Qatar Airways is suing Airbus in a UK High Court over flaws with the protective coat of Airbus A350. The airline is suing the European planemaker for $1 billion in damages, following grounding of about two dozen of its A350s experiencing the flaws. Qatar Airways says that these flaws are a cause for safety concerns, but these claims have been denied by Airbus and European regulators.
On Thursday, 26th May, the High Court judge, Mr. Justice David Waksman, said that there is “no simple fix to the problem” of the Airbus A350. The only current proposed fix for the situation “deals with the symptoms of the condition, not the condition itself”, the ruling further stated. This “requires extensive and potentially repeated patching of the fuselage of all affected aircraft”, Qatar Airways mentioned in a statement released on 31st May.
Qatar Airways releases statement on $1 billion dispute with Airbus
The Judge’s ruling further states “the condition is effectively bound to occur at some point in the lifetime of an A350 aircraft because it results from a different coefficient of expansion as between the composite fibre reinforced polymer (CFRP) of which the airframe is made, and the expanded copper foil layer (ECF), which is bonded to, or cured into it”
Airbus A350, which is a long-range, wide-body airliner developed and produced by Airbus, is the first large commercial aircraft to be constructed extensively from carbon fibre reinforced polymer (CFRP). CFRP is durable and has lower maintenance cost as it doesn’t corrode to the same extent as traditional aluminium. ECF acts as a lightning conductor which prevents serious damage to the aircraft in case of a lightning strike. The difference in their coefficient of expansion means that the two materials (CFRP and ECF) contract and expand at different rates causing (at least) the crackling of the layers of paint on the A350.
With respect to the aircraft where repainting was done at Shannon airport, Ireland, applying patches to all affected areas, (principally the fuselage) could be as many as 900. Since the condition itself cannot be rectified, after a simple repainting of the aircraft, it is likely to reemerge.
Airbus continues to be of the opinion that this is not a safety issue, contrarily Qatar Airways maintains that the full impact of the issue on the safety of the aircraft can be established only after deeper investigation.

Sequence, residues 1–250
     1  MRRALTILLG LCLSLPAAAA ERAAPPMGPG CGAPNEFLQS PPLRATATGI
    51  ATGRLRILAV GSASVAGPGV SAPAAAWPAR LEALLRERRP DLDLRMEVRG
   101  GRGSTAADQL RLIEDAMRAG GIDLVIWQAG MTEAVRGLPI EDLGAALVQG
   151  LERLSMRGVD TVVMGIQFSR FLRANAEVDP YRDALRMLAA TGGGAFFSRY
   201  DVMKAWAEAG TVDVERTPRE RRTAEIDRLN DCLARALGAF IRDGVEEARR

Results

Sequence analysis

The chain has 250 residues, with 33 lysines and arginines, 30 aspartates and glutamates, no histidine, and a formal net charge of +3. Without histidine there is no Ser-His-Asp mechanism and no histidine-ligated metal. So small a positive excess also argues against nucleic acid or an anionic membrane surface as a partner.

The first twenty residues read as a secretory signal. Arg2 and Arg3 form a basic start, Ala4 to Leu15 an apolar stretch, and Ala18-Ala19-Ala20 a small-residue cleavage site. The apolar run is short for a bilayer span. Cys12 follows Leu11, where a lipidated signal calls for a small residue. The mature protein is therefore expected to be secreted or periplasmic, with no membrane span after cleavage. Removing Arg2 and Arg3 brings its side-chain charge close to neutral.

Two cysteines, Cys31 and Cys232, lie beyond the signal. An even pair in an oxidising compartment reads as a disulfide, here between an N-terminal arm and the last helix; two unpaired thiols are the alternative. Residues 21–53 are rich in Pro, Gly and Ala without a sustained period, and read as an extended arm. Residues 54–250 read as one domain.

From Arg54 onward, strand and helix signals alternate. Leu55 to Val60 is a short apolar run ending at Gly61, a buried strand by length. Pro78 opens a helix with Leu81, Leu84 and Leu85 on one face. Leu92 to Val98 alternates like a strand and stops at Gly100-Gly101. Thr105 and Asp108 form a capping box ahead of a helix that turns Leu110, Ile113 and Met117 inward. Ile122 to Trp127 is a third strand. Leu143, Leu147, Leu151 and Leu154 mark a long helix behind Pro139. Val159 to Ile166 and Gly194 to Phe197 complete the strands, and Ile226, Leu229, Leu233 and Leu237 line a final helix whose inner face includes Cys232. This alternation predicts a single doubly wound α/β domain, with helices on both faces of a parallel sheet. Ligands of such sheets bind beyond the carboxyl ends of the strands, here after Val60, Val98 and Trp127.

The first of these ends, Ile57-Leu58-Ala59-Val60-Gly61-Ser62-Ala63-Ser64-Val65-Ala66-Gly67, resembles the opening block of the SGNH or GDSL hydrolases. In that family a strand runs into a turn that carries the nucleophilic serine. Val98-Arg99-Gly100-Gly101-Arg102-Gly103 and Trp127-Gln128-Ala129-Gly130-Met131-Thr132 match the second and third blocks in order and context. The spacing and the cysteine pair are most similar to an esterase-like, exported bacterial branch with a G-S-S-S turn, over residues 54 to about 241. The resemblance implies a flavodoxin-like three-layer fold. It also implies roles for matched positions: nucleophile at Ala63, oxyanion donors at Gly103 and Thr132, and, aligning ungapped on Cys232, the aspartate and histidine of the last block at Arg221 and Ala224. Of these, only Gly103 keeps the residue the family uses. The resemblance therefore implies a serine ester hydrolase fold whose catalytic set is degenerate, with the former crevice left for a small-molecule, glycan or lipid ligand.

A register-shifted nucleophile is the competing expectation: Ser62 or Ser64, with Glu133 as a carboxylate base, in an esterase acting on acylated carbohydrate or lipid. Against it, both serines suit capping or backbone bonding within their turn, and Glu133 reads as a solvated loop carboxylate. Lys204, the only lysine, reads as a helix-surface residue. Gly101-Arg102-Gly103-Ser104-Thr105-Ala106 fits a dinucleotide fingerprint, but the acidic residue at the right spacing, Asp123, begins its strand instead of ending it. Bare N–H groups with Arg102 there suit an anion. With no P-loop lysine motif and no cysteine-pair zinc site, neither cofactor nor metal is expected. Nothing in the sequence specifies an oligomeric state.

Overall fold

Justice Waksman noted that the issue that originally arose in a plane in 2020, could affect all A350s due to the choice of materials. He also rejected ordering Airbus to cease formally trying to deliver more A350s to Qatar Airways, or to abstain from reselling undelivered aircraft.
The issue kindled when an A350 was sent to Shannon to receive a world cup livery in November 2020, but wound up in Toulouse, France, instead of returning to Qatar, with reports of cracks. This was followed by Lufthansa sending its oldest A350s to Toulouse to be repainted on 2nd February, 2021. On 31st March, 2021, Qatar threatened to halt Airbus deliveries. A year later, Qatar Airways said that the paint issue could lead to fires in the airline’s safety assessment published by EASA (European Union Aviation Safety Agency).
Qatar Airways is the state-owned flag carrier of Qatar. Headquartered at Doha, the airline flies to over 150 destinations and comprises a fleet of over 200 aircraft. Founded on 22 November, 1993, it has been owned by the Oneworld alliance since October 2013, with its base at Hamad International Airport.
Founded on 18 December, 1970, Airbus is a European multinational aerospace corporation. With its headquarters at Leiden, Netherlands, it designs, manufactures, sells civil and military aerospace products worldwide, and manufactures aircraft in and outside Europe. Airbus is the world’s largest airliner manufacturer, as of 2019.